Heart disease in an otherwise healthy young athlete who is abusing anabolic steroids likely results from increased levels of low-density lipoprotein (LDL) and decreased levels of high-density lipoprotein (HDL).
Several studies suggest that anabolic steroid abuse in athletes increases LDL levels by > 20% and decreases HDL levels by 20% to 70%. These lipoprotein abnormalities have been shown to increase the risk for coronary artery disease three- to six-fold. Anabolic steroid abuse may cause cardiac ischemia by exaggerating oxygen demand at peak exercise, potentially precipitated by accelerated atherosclerosis from lipoprotein abnormalities over years of abuse.
Silver reviewed the adverse effects of anabolic steroids in a JAAOS article and reported that anabolic steroid use can lead to hypertension, changes in lipid profile, elevated liver enzymes, increased risk of tendon and muscle injury, testicular or uterine atrophy, depression, psychosis, and immunosuppression.
Achar et al. reviewed a total of 49 studies describing 1,467 athletes to investigate the cardiovascular effects of the anabolic steroid abuse. They found that anabolic steroid abuse was associated with elevated levels of LDL, low levels of HDL, elevated systolic and diastolic blood pressure, and left ventricular hypertrophy. They also noted that there were some small case studies describing fatal ventricular arrhythmias secondary to anabolic steroid abuse.
Answer 1: High density lipoprotein levels are decreased, not increased, in those abusing anabolic steroids. This decrease in HDL levels contributea to the development of heart disease in these otherwise healthy individuals.
Answer 2: Systolic and diastolic blood pressure are elevated, not decreased, after prolonged anabolic steroid use. This does not lead to heart disease in those who abuse anabolic steroids.
Answer 4: Alteration of myocardial conduction patterns (., ventricular arrhythmia) is not a cause of heart disease in anabolic steroid abusers. It is, however, a cause of sudden death in these individuals.
Answer 5: Anabolic steroids do not cause 'direct' endothelial damage to the coronary arteries.
It is very common for bodybuilders to use veterinary steroids for a precontest cycle. Since they are typically assimilated quickly, they do the best work in the shortest amount of time, and are generally out of the system relatively fast in comparison to other ‘roids. And, believe it or not, usually people see fewer side effects when using vet products than when using human ones. Why take anything else? Maybe not ‘why take anything else’, but why not include veterinary steroids, in one form or another, in every cycle? In my mind, veterinary drugs should really be everyone’s choice for extreme condition and definition. They combine well with androgens and other anabolics as well as any drug in the human realm of anabolic steroids. The only problem, these days anyway, is availability. You can find them in Mexico, but you risk fakes, counterfeits, lower quality, or lower dose per ml. You also, of course, face the possibility that you’ll be stopped.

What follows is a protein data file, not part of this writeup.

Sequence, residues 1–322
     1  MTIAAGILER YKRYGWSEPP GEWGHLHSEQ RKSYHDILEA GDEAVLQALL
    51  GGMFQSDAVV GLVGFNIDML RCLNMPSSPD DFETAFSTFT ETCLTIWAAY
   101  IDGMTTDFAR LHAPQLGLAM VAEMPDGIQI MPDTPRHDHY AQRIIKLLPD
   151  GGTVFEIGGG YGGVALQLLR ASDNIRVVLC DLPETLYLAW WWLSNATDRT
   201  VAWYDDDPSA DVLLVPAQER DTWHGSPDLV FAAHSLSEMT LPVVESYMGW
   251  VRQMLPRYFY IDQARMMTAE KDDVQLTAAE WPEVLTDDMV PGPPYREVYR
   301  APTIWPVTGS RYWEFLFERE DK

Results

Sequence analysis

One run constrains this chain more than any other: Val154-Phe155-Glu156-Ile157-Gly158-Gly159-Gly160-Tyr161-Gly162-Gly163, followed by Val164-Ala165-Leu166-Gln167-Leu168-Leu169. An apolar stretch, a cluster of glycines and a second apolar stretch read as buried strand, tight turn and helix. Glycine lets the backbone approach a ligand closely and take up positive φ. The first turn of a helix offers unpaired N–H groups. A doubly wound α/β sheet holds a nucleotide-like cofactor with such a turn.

The most commonly used AAS in medicine are testosterone and its various esters (but most commonly testosterone undecanoate , testosterone enanthate , testosterone cypionate , and testosterone propionate ),  nandrolone esters (most commonly nandrolone decanoate and nandrolone phenylpropionate ), stanozolol , and metandienone (methandrostenolone).  Others also available and used commonly but to a lesser extent include methyltestosterone , oxandrolone , mesterolone , and oxymetholone , as well as drostanolone propionate , metenolone (methylandrostenolone), and fluoxymesterone .  Dihydrotestosterone (DHT; androstanolone, stanolone) and its esters are also notable, although they are not widely used in medicine.  Boldenone undecylenate and trenbolone acetate are used in veterinary medicine .